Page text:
An open letter to all the self-righteous, high-paid taxpayers and their equally pompous offspring:
Dear Pillagers of the Public Trough,
I’m poor. I didn’t used to be. But now Republicanomics is dictating more pain for those of us who are not wealthy. According to the Dept. of Labor, 2.3 million payroll jobs have been lost since this president took office. According to projections by the Center on Budget and Policy Priorities, based on Dept. of Labor data, approximately 760,000 of the unemployed will have exhausted their unemployment benefits by the end of this month. Yet the current administration seems to believe that job creation is and should be at the behest of the tax-relieved affluent.
The top 1 percent of Americans and the highest paid executives were not solely responsible for that huge budget surplus we built up in the 1990s. Some people that are earning minimum wage right now and working part time were making as much as rocket scientists during that time. I should know – I’m one of them. On Oct. 15, 2001, I was laid off from a job where I was making $70,000 per year and happily paying my taxes. I made $3,400 last year. I want some public benefits from those taxes I paid into. Some real and measurable job creation would be a good start. I’m not particularly keen on the faith-based economic initiatives that would have me believe that tax relief for millionaires will equal jobs for the rest of us.
I believed in the American dream. Or the version of it that I saw propagated before the current regime took office. At that time, learning a skill and wanting to work meant having a job. Having a job meant having a foot in the door. Having a foot in the door meant upward mobility. In the current economic environment, this is clearly no longer the case.
I grew up in South Central Los Angeles during a time of all-out war between gangs, police and drug dealers. I, and many other American citizens who were not born in privileged circumstances, just want the opportunity to use our freedom and initiative to move up the ladder of success. However, the newly structured distribution of wealth by the current administration is akin to an economic shutout. If you cut funding to promote services for the poor, sick, elderly and uneducated, you effectively burn the bridge to the American dream for many of us. Some Americans can’t afford to be healthy or educated without help from our government. Health and education are arguably prerequisites to the enjoyment of the benefits of democracy.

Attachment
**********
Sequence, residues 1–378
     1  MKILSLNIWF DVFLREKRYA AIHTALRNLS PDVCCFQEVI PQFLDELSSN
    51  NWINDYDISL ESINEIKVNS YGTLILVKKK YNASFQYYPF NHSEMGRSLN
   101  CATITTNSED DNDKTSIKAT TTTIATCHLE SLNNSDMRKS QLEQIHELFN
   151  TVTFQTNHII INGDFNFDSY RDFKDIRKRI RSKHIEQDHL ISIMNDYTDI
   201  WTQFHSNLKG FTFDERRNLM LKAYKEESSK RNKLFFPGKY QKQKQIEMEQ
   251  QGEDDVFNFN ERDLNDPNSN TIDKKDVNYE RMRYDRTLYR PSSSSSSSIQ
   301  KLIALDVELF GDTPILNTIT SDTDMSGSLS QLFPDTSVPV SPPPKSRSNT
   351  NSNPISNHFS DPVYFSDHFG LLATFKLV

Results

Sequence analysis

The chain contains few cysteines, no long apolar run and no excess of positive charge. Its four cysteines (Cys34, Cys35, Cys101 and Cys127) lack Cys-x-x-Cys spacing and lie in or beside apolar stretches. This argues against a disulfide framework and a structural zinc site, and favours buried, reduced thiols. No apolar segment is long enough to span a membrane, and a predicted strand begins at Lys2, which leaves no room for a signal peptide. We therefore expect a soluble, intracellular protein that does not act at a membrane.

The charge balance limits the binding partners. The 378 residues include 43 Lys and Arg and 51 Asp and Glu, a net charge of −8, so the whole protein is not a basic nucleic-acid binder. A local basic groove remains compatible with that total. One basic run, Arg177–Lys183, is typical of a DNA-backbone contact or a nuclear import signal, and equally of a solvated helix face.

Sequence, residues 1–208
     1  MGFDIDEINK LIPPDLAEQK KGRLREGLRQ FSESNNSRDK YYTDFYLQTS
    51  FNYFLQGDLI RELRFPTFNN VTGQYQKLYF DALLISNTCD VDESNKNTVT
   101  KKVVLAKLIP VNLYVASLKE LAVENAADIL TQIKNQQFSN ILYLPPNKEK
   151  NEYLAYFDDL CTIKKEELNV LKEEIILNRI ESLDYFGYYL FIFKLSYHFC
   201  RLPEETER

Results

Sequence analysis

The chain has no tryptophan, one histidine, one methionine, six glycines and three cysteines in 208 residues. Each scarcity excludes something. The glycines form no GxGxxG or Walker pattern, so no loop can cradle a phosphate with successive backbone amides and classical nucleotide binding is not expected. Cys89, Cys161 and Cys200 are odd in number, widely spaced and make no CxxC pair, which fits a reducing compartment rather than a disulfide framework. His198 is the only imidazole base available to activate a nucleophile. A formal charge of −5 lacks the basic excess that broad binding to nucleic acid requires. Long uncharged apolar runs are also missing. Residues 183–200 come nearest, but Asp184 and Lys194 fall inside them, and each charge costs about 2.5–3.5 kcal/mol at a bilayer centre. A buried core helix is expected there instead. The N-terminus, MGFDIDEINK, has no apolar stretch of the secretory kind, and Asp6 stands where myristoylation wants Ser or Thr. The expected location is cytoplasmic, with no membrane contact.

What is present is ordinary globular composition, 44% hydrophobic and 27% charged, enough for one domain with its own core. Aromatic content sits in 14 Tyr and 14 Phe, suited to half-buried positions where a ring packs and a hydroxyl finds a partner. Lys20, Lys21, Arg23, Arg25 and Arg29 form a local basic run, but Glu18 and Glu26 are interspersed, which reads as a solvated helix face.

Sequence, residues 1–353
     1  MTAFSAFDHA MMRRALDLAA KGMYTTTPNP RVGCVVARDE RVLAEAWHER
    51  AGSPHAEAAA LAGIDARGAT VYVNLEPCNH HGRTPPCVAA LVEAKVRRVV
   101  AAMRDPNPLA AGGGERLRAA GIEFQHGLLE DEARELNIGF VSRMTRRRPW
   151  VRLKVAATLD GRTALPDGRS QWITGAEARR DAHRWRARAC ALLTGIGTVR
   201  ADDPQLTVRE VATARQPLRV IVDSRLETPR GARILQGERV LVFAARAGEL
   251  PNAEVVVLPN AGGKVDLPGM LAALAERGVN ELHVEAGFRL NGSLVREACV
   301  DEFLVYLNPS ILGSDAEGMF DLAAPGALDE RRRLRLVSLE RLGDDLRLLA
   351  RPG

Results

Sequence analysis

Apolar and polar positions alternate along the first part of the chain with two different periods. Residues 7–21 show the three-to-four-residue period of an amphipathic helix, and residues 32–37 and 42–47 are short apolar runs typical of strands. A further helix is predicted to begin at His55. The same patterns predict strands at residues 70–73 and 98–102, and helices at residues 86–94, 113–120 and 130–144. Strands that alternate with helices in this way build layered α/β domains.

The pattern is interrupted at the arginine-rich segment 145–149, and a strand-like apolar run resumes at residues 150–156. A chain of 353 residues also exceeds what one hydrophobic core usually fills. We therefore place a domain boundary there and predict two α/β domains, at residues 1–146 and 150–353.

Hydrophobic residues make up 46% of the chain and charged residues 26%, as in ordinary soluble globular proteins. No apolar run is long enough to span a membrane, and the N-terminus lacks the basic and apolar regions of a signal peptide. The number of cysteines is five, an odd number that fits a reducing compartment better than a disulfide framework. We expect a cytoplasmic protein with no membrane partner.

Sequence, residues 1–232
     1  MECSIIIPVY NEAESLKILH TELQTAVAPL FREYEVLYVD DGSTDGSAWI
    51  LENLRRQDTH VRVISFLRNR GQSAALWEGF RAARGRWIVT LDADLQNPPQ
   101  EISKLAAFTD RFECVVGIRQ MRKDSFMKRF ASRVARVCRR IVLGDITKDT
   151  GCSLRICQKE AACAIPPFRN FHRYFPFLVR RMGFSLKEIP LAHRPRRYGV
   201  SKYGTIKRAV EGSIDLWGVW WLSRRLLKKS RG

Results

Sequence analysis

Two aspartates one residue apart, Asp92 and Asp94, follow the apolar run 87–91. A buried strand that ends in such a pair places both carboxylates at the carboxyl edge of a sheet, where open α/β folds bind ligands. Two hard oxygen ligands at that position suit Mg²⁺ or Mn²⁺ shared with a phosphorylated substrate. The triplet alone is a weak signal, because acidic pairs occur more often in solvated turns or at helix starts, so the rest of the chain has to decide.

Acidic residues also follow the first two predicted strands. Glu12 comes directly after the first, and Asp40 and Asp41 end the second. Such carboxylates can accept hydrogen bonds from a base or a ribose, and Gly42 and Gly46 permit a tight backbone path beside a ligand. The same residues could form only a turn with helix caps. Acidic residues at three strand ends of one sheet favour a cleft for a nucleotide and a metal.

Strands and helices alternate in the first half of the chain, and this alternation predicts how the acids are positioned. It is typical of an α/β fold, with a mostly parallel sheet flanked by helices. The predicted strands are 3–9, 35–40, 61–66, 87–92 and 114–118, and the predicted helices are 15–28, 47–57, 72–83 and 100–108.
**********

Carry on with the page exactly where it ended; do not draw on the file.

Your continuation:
Economic leadership in this country seems more intent on increasing profits for the wealthiest among us than fostering an economic environment that is conducive to the wellbeing of its citizens. This is evident in the outsourcing of jobs endorsed by this administration. Gregory Mankiw, chairman of the White House Council of Economic Advisers, has said that the outsourcing of American jobs was “something that we should realize is probably a plus for the economy in the long run.” I guess that theory might hold water if it’s not your job that’s being outsourced – not your comfortable lifestyle that’s evaporating as you slide down Maslow’s Hierarchy of Needs.
According the Economic Report of the President, the administration is considering reclassifying fast-food jobs as manufacturing jobs. The report asks the following: “When a fast-food restaurant sells a hamburger, for example, is it providing a ‘service’ or is it combining inputs to ‘manufacture’ a product?” What does this have to do with tax relief you ask? The report goes on to state the following: “Suppose it was decided to offer tax relief to manufacturing firms, because the manufacturing category is not well defined, firms would have an incentive to characterize themselves as in manufacturing. Administering the tax relief could be difficult, and the tax relief may not extend to the firms for which it was enacted.” Perhaps all that tax relief will foster is an economy built on “hamburger manufacturers.”
Tiye Baldwin is a Daily Nexus staff writer.